By H.b. Charles, Jr. on Aug 13, 2015
We may pray that God would hide us behind the cross as we preach. But there is no place to hide in the pulpit.
In the Sermon on the Mount, Jesus warned his followers not to practice spiritual devotion with ulterior motives (Matthew 6:1-18). Do not give to the needy to be celebrated for your generosity. Do not pray to be heard by men. Do not fast so people will consider you spiritual. How do you avoid practicing Godward acts with man-centered motives? Jesus teaches that acts of devotion should be done in private, before God not man.
Preachers also struggle with the temptation to make their charge from God a performance before men. But we cannot overcome this temptation by moving the pulpit to our secret closets. Preaching is a public act of spiritual devotion. We may pray that God would hide us behind the cross as we preach. But there is no place to hide in the pulpit.
Let’s face it. The pulpit is a dangerous place. It can fill the preacher with pride that leads to his downfall. It call fill the preacher with discouragement that causes him to give up. It can fill the preacher with fear that prostitutes his divine message for human approval.
The old story is told about the young preacher who strutted to the pulpit, expecting to wow the congregation. He humbly walked out of the pulpit after the sermon bombed. “What happened?” he asked a senior minister. The wise, seasoned preacher counseled, “Son, if you would have gone up to the pulpit the way you came down, you would have been able to come down the way you went up.”
How can you guard your heart in the pulpit? Consider these recommendations …
Come to the pulpit prayed up.
Sermon preparation is an exercise in believing prayer. We should thank God for the privilege of speaking for him. We should pray for illumination of the revealed scriptures. We should ask God to yield the wisdom of the writers we consult to us. We should confess our sins to God when the text convicts us. We should pray for help to personally obey teachings of God’s word. We should pray the Lord would enable us to speak faithfully and clearly. We should pray for a spiritual burden for those who will hear the message. We should pray that Christ would be exalted as the word is explained. We should even pray as we preach! Coming to the pulpit prayed up will help guard your heart as you preach.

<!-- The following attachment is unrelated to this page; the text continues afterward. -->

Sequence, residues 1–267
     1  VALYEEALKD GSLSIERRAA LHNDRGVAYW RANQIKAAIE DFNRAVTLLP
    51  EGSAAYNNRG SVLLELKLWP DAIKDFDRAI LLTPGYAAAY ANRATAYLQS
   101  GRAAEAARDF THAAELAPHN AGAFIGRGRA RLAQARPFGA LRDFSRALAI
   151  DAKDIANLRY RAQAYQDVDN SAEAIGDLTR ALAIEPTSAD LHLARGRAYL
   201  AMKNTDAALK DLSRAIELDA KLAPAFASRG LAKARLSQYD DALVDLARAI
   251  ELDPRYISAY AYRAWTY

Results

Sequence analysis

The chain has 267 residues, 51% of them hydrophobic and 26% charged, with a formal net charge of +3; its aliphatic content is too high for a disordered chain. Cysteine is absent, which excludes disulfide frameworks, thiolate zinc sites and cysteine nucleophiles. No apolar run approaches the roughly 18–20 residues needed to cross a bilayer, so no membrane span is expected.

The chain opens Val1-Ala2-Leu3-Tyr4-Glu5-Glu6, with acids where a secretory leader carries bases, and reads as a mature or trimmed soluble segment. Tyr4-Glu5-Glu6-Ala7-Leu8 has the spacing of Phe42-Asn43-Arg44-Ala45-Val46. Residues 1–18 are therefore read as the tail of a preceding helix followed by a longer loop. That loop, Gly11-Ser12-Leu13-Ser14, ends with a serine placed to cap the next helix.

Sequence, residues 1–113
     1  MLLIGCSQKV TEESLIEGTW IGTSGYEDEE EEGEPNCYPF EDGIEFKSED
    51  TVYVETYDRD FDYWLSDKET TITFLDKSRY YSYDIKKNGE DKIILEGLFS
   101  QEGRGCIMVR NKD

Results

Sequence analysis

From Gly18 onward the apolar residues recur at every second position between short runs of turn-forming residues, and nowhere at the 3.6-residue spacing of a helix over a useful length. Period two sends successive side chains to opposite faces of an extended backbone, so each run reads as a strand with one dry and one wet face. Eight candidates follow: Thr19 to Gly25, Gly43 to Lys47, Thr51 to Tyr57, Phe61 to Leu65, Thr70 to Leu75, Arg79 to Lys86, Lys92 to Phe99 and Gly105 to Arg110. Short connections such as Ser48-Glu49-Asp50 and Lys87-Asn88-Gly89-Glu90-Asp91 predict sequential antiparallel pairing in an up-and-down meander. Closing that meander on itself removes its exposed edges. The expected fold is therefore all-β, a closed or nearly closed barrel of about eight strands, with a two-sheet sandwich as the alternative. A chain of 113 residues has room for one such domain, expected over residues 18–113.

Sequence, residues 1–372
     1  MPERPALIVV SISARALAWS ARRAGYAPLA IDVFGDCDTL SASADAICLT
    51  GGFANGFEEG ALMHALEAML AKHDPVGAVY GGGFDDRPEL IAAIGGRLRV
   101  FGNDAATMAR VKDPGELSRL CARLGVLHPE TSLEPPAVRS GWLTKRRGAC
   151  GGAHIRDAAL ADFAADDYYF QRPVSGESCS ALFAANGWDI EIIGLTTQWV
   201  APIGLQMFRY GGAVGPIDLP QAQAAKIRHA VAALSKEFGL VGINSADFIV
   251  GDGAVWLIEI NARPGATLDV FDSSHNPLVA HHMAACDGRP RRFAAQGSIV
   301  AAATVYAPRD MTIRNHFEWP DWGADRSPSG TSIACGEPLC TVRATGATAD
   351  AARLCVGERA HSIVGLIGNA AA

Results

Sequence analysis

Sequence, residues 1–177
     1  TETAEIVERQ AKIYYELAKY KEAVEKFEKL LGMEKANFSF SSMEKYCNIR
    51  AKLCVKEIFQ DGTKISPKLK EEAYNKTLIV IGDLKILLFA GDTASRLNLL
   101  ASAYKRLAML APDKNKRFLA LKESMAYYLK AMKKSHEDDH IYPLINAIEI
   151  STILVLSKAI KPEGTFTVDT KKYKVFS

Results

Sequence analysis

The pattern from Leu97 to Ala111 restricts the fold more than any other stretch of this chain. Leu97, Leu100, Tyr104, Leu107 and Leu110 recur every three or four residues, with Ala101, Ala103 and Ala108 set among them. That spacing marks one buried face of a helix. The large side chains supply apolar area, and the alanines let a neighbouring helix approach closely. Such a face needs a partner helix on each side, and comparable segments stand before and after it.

Come to the pulpit fully prepared.
Sermon preparation is a humbling process. Studying the text can be like Jacob wrestling with the angel. You leave the study with a limp! Going from text to sermon is hard work. Preparing the message for Sunday will soften the heart, if done prayerfully. The finished product may cause some preachers to be lifted up. But when you know it was the Lord that helped you prepare the message, you tend to also look to the Lord to help you present the message. This is why you should do your own homework, rather than cheating off another preacher’s work. Take advantage of the sanctifying effects of sermon preparation. Then Ask the God who has guided the preparation of the message in the study to govern the presentation of the message in the pulpit.
Come to the pulpit as an act of worship.
It is serious error to associate worship with music. The entire service is worship. The gathered congregation is to worship God during scripture readings, corporate prayer and the observance of the ordinances. Listening to and responding to the preached word of God is arguably the highest act of worship. The congregation is to worship as the preacher preaches. And the preacher is to worship as he preaches to the congregation. We preach to people. But, ultimately, what is for people is not about people. God is the subject and object of Christian worship. It is for him and about him. So we should preach to an audience of one. We should remember that the bottom-line of worship is that God is pleased. Paul instructs, “Do your best to present yourself to God as one approved, a worker who has no need to be ashamed, rightly handing the word of truth” (2 Timothy 2:15).
Come to the pulpit with pastoral concern.
Pastor-teachers are not life coaches, motivational speakers or self-help gurus. We are shepherds who feed the flock of God with knowledge and understanding. Matthew reports, “And Jesus went throughout all the cities and villages, teaching in their synagogues and proclaiming the gospel of the kingdom and healing every disease and every affliction. When he saw the crowds, he had compassion for them, because they were harassed and helpless, like sheep without a shepherd” (Matthew 9:35-36). Jesus was moved with compassion when he saw the spiritual needs of the people. We should come to the pulpit with the same sense of pastoral concern. Don’t worry about how big the room is. Don’t worry about how many people are in the room. Don’t worry about what the people in the room can do for or to you. Be a shepherd of the assembled flock of sheep that leads them to the green pastures of the word of God.
Come to the pulpit with an eye on eternity.
I agree with Charles Spurgeon, who said, “Life and death and eternity and worlds unknown may hang on the preaching and hearing of one sermon.” As a preacher of the gospel of Jesus Christ, you should come to the pulpit with great expectations. The word of God works. But it does not work according to our schedule. This is why Paul charged Timothy to preach the word with “complete patience and teaching” (2 Timothy 4:2). So don’t panic if nothing seems to happen as you preach. Just keep preaching. The harvest is at the end of the age, not the end of the sermon. Guard your heart by looking past what the members say to you after service, and look to what Lord will say when you stand before the Judgment Seat of Christ (2 Corinthians 5:10).
How do you guard your heart in the pulpit?
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